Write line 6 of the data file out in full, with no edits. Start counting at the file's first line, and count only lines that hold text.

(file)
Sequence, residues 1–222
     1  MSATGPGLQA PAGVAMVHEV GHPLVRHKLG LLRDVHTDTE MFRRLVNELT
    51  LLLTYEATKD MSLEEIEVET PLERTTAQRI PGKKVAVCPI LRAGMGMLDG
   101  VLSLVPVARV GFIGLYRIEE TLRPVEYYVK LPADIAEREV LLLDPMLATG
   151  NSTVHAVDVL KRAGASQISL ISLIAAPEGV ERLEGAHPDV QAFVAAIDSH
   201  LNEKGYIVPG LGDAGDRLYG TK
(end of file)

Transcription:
   201  LNEKGYIVPG LGDAGDRLYG TK